Practice Self-Awareness Early and Often

Few things are more important to leadership than self-awareness. Self-awareness reveals what works and what does not work for us and helps us understand where we can add value and feel fulfilled. Self-awareness is also the foundation of emotional intelligence, which is essential to engaging others and fostering teamwork. The benefits of self-awareness are significant! Self-aware people communicate and influence better, produce more, maintain better relationships, and are overall more successful and happier than less self-aware colleagues.

Sounds great, right? We each have strengths and less desirable qualities. However, admitting and embracing what’s not-so-great about us can be hard to do. The truth about us is inevitable; whatever it is, it eventually emerges. The goal of self-awareness is to seek the truth about who we really are early and often. Here are three keys to gaining – and sustaining – a level of self-awareness that gets real results:

  1. Take your “medicine.”
    Having the courage to look honestly at our weaker areas is fundamental to self-awareness. In Peter Pan, Mr. Darling covertly feeds his medicine to their dog, Nana, and understandably so. The medicine likely tastes terrible. Similarly, our negative habits and shortcomings can be tough to stomach. Most self-defeating patterns of behavior are hidden from us, and we like it that way. Fearing the truth about ourselves makes us more defensive, rigid and constricted, making it harder for other people to work with us. Self-awareness requires us to withhold judgment of ourselves and engage in genuine exploration of how our behavior affects ourselves and other people.

  2. Mind strengths more effectively.
    Self-awareness also requires a clear-eyed examination of our strengths. Many of us underappreciate our strengths. Some of us over-rely on, and over-use our strengths, and end up in trouble. Self-awareness requires us to take stock and more consciously deploy our strengths for better results.

  3. Apply mindful attention and conscious effort to becoming more self-aware.
    Like any skill, improving self-awareness takes practice. Here are the most effective ways to practice:

    • Engage in activities that promote self-reflection - Assessments like the Hogan, StrengthsFinder, Emotional Quotient Inventory (EQ-i), and others do just that. We are really partial to the Enneagram (and we will tell you why later).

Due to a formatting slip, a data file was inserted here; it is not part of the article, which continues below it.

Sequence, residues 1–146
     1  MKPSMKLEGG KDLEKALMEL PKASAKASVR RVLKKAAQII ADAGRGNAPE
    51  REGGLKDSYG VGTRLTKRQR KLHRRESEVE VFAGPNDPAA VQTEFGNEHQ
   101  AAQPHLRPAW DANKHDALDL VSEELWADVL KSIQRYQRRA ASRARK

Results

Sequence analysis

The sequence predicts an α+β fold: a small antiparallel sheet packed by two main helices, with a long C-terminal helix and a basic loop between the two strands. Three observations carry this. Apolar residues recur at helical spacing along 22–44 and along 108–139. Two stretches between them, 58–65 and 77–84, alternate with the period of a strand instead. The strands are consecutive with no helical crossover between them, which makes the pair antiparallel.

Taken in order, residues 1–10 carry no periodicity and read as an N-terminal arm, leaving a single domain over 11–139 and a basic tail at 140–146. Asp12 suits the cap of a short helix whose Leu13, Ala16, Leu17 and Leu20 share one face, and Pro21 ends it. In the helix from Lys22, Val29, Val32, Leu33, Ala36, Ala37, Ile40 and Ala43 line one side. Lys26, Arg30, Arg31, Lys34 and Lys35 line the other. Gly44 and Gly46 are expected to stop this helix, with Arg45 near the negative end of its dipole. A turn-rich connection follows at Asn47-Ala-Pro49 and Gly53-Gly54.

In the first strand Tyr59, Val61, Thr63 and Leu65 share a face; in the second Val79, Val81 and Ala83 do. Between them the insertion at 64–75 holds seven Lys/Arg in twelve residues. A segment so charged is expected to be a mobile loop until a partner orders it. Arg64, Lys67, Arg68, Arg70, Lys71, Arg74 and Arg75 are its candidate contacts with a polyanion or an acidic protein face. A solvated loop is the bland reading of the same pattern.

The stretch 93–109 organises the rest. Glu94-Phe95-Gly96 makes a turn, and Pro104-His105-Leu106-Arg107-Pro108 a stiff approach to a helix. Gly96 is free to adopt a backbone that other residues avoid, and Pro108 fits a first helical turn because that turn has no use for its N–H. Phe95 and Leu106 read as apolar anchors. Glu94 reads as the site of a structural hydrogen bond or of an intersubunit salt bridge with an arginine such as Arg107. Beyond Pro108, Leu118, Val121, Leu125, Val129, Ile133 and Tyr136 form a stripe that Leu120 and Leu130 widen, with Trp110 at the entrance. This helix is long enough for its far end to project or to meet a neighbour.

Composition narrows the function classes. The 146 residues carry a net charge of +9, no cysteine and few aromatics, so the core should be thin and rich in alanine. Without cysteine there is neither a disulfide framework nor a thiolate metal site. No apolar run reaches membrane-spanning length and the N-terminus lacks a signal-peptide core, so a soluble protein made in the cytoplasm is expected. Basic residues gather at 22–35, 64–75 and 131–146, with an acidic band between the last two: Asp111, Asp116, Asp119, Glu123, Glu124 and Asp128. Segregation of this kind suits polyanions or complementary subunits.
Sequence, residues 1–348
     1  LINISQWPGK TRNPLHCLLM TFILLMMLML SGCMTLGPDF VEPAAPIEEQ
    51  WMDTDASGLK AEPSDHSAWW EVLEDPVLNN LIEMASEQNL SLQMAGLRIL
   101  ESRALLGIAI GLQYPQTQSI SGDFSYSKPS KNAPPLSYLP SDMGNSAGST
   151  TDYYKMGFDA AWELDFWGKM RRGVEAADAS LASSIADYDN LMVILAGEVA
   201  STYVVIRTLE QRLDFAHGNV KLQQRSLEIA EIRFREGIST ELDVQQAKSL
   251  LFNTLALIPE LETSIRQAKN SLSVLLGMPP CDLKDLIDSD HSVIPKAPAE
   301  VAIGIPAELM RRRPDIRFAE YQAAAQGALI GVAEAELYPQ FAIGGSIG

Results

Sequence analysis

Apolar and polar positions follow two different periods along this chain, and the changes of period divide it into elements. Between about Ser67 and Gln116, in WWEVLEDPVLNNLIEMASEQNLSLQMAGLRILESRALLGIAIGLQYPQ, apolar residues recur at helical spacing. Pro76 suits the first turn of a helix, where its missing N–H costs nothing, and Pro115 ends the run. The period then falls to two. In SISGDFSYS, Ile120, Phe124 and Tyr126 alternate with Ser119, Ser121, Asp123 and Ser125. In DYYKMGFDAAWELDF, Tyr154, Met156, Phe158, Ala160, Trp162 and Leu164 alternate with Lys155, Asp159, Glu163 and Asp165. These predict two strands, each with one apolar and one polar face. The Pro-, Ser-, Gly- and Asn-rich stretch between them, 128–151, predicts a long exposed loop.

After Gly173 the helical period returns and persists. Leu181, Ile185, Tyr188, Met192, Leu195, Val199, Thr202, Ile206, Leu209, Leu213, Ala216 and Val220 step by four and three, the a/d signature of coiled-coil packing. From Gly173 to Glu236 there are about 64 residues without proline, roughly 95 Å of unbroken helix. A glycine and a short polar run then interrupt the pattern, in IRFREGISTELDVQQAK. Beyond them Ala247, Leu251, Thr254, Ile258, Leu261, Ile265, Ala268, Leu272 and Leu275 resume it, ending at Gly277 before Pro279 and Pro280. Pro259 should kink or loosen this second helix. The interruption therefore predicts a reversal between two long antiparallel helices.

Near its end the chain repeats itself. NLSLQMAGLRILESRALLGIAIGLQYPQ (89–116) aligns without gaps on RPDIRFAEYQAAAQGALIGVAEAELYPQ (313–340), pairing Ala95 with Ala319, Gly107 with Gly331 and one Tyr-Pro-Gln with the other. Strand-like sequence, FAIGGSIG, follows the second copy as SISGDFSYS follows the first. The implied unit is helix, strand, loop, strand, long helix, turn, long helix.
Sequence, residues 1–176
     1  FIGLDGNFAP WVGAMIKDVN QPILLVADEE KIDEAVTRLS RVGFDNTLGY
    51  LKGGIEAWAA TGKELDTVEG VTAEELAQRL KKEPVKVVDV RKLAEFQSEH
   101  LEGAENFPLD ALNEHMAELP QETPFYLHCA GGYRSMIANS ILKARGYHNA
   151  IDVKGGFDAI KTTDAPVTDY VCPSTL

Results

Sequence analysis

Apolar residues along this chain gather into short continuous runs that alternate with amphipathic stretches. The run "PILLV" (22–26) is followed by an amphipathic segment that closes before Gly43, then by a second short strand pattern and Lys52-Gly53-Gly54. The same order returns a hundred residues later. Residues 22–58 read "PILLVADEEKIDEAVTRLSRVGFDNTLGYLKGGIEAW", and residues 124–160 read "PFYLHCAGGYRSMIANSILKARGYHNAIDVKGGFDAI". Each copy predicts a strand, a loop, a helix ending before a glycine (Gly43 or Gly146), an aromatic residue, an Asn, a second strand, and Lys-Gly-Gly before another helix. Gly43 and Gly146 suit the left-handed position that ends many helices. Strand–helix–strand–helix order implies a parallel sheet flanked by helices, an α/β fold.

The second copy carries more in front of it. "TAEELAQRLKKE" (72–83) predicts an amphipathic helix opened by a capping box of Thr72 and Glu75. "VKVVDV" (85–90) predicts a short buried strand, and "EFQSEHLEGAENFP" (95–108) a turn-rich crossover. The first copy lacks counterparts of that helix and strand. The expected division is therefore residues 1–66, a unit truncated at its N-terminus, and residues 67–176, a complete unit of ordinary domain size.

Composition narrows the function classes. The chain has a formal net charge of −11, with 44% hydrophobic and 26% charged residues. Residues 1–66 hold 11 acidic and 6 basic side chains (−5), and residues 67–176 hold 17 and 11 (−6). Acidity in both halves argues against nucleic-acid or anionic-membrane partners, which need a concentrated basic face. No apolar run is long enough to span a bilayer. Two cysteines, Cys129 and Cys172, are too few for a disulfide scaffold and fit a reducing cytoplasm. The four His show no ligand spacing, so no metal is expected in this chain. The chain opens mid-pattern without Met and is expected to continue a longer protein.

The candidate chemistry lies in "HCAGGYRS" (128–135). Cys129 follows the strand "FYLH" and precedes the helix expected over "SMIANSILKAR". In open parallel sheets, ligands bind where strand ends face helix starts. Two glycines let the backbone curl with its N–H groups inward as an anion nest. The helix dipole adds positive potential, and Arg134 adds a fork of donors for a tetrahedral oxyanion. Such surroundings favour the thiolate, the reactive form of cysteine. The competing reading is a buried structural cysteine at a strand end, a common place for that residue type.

• Observe yourself. - First, consider where your attention focuses in different circumstances. Do you tend to find fault? Focus on relationships? Think about how you are affected? Second, get to know your triggers. As Carl Jung said, “Everything that irritates us about others tells us something about ourselves.” Third, catch yourself. Once you get to a point of being able to observe yourself and say, “Oh, look, that’s me doing that thing that I do, again,” you are on the right path. We need to call ourselves on our beliefs that are simply not true and allow ourselves to be human.

    • Check what you believe about yourself against what you actually do. - Ask yourself, “Does my behavior really match my picture of who I believe myself to be?” If I see myself as a good coach and mentor to my direct reports, yet I resist scheduling time to consistently meet with them one-on-one, am I really delivering on my intention? Just because I was an athlete in college doesn’t mean I can run a 5K now. Sometimes, the stories we tell ourselves about ourselves become ingrained. Moving away from them requires that we check “our truth” as much as possible against our reality.

    • Learn to pay attention to how others really experience you. - Leaders often discover blind spots about their behavior through a 360-feedback process. Sometimes, we are fortunate to discover that people appreciate strengths more than we expected. Other times, we learn that people experience us as more intimidating, critical indecisive, etc. than we see ourselves. If you find a blind spot, ask a trusted colleague to give you feedback when they see you improving or regressing. If you find you have a hidden strength, learn from this to sustain and grow the value you provide.

As we become more self-aware, and truly see the motivation behind our behaviors and our ingrained patterns, we open the door to choice. That leads to more success and fulfillment, and makes working with us (and living with us) a much better experience.